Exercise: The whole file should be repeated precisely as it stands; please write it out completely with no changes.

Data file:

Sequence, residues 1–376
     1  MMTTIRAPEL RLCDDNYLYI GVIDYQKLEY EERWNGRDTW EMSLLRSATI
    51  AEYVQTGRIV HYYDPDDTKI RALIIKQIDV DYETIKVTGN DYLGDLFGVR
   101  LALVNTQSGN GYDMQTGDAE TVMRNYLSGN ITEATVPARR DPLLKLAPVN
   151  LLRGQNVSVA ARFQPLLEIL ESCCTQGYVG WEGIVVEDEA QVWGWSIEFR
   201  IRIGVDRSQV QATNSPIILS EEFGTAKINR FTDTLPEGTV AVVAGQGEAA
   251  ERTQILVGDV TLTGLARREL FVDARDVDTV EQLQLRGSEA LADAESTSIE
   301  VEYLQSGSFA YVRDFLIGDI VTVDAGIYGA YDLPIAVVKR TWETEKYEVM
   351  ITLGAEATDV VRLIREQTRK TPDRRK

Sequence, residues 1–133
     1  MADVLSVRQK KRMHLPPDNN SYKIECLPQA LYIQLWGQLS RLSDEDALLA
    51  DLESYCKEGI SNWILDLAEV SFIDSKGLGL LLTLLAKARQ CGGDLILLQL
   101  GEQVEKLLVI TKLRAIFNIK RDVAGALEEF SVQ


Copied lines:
Sequence, residues 1–376
     1  MMTTIRAPEL RLCDDNYLYI GVIDYQKLEY EERWNGRDTW EMSLLRSATI
    51  AEYVQTGRIV HYYDPDDTKI RALIIKQIDV DYETIKVTGN DYLGDLFGVR
   101  LALVNTQSGN GYDMQTGDAE TVMRNYLSGN ITEATVPARR DPLLKLAPVN
   151  LLRGQNVSVA ARFQPLLEIL ESCCTQGYVG WEGIVVEDEA QVWGWSIEFR
   201  IRIGVDRSQV QATNSPIILS EEFGTAKINR FTDTLPEGTV AVVAGQGEAA
   251  ERTQILVGDV TLTGLARREL FVDARDVDTV EQLQLRGSEA LADAESTSIE
   301  VEYLQSGSFA YVRDFLIGDI VTVDAGIYGA YDLPIAVVKR TWETEKYEVM
   351  ITLGAEATDV VRLIREQTRK TPDRRK

Sequence, residues 1–133
     1  MADVLSVRQK KRMHLPPDNN SYKIECLPQA LYIQLWGQLS RLSDEDALLA
    51  DLESYCKEGI SNWILDLAEV SFIDSKGLGL LLTLLAKARQ CGGDLILLQL
   101  GEQVEKLLVI TKLRAIFNIK RDVAGALEEF SVQ